Uber Technologies, Inc. has been sued in a class action lawsuit alleging the company’s use of criminal background checks discriminates against Black and Latinx drivers. The complaint, filed in the U.S. District Court for the Southern District of New York on April 8, challenges Uber’s “unlawful use of criminal history to discriminate against its drivers in New York City as well as its brazen noncompliance with human rights and fair credit laws.”
Named plaintiff Job Golightly, a Black resident of Bronx County, New York, drove for Uber from 2014 through August 2020. Golightly claims that his criminal history consists of a single 2013 misdemeanor speeding violation from Virginia. According to the lawsuit, until 2017 Uber had relied solely on background checks conducted by the New York City Taxi and Limousine Commission (TLC). Plaintiffs allege that in mid-2017, in response to negative news coverage on assaults committed by drivers, Uber began using the credit reporting agency Checkr to conduct additional background checks on current and prospective drivers. As a result, in August 2020 Uber allegedly conducted a background check on Golightly that revealed his 2013 speeding violation. One day later, Golightly claims that Uber deactivated him from its platform, preventing him from driving for the company.
Golightly brings four claims against Uber for per se and disparate impact violations of the New York City Human Rights Law (NYCHRL) and for violations of the federal Fair Credit Reporting Act (FCRA) and New York’s “mini-FCRA.”
NYCHRL requires employers to evaluate employees’ and applicants’ criminal history on an individualized basis, to provide required documents and disclosures, and to wait for a period during which the job is kept open for the applicant or employee to respond to the employer’s concerns about any criminal history. NYCHRL was amended in November 2019 to include independent contractors as protected workers, effective January 11, 2020. The lawsuit alleges Uber failed to provide any of NYCHRL’s protections to its drivers and prospective drivers.
FCRA and its state equivalents impose requirements on employers using consumer reports for employment purposes, including providing notice to individuals before taking adverse action based on a consumer report. NY FCRA specifically requires an employer to provide a copy of Article 23-A of the New York Correction Law. The lawsuit alleges Uber failed to comply with these requirements.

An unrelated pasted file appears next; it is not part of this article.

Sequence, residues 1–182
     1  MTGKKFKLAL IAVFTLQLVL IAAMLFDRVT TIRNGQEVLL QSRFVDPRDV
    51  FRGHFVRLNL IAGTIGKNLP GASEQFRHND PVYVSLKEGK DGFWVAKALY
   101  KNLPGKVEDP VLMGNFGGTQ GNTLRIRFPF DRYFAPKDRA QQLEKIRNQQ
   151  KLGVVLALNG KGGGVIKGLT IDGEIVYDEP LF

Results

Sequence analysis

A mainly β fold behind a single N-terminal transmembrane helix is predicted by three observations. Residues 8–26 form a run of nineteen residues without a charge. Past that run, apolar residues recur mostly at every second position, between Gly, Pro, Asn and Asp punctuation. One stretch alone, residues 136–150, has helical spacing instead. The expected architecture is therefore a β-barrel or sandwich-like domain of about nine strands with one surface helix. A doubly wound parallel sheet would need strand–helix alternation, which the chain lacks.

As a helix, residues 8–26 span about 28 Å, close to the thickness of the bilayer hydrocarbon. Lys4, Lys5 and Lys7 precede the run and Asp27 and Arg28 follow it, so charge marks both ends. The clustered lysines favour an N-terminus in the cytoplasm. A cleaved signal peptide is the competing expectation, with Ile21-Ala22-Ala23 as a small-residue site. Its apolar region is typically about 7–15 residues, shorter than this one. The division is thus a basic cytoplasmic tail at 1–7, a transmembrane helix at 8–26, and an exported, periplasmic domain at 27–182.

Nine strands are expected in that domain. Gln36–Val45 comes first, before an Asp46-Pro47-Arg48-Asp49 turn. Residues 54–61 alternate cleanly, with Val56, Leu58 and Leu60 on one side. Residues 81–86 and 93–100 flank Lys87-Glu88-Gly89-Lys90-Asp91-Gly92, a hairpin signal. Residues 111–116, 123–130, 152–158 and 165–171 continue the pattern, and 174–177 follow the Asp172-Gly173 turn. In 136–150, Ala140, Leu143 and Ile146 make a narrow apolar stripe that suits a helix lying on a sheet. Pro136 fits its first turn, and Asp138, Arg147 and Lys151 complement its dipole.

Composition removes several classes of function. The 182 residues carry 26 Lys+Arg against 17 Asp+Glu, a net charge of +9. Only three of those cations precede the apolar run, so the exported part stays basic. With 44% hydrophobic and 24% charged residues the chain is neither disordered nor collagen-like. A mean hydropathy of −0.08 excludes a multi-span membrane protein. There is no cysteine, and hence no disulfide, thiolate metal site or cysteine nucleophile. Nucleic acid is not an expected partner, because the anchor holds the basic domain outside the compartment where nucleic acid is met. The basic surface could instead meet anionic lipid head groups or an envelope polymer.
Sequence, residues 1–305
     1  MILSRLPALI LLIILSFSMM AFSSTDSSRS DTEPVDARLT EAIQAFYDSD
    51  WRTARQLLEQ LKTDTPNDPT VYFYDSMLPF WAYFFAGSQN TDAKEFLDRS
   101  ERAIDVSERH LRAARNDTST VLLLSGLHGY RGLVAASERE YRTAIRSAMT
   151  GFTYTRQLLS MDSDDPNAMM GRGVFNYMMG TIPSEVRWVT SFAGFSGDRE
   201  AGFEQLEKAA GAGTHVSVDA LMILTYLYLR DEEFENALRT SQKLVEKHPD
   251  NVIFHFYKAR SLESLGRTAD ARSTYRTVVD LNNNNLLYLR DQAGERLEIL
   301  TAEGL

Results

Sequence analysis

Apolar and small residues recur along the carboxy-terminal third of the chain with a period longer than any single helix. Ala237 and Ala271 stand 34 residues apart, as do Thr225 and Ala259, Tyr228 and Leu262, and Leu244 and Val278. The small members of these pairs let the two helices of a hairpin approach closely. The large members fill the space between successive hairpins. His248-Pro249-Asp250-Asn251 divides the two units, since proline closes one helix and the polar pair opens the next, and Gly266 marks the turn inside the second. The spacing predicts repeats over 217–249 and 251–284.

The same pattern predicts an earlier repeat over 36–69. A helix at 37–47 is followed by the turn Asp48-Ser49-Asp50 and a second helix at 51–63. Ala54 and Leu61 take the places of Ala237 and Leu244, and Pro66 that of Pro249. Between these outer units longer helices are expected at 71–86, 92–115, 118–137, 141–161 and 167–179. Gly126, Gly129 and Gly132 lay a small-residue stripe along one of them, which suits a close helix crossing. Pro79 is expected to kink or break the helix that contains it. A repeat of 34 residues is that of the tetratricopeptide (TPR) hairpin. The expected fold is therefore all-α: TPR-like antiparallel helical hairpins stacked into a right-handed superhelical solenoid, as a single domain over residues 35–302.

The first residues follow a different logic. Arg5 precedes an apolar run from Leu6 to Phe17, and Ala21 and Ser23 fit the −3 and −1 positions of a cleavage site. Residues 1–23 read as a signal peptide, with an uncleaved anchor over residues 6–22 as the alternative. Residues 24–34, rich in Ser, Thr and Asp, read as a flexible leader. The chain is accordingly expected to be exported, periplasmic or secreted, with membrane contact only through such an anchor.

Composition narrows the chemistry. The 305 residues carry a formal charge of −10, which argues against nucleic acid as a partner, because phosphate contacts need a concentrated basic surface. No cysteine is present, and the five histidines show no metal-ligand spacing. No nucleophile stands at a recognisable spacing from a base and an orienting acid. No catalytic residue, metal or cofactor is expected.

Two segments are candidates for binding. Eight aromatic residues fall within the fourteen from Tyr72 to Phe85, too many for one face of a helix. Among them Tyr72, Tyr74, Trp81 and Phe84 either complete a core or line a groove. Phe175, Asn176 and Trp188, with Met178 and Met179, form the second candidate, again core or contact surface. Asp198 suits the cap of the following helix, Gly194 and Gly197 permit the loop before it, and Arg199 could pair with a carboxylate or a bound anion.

According to Golightly, there are approximately 80,000 total potential class members in two classes. The “criminal history discrimination and notice class” includes all individuals who, since January 11, 2020, have been denied the opportunity to drive for Uber based on criminal history contained in consumer reports obtained by Checkr and who did not receive the required notices and documents. The “disparate impact class” includes all Black and Latinx individuals who, since January 11, 2020, have had their consumer reports used by Uber and who were then denied the opportunity to drive for Uber based on criminal history.
Plaintiffs are represented by Mobilization for Justice, a non-profit legal services organization based in New York City, and Towards Justice, a non-profit law firm that focuses on economic justice. The lawsuit is the first of its kind, seeking to enforce the NYCHRL against a “labor platform company in New York City,” according to a joint press release by the organizations.
This case will be closely watched as one of the first class action lawsuits brought on behalf of independent contractors since the NYCHRL’s amendment became effective on January 11, 2020. Employers and gig economy companies alike should evaluate their background check policies and practices with the help of legal counsel to ensure they are compliant with current law in any jurisdictions where they operate.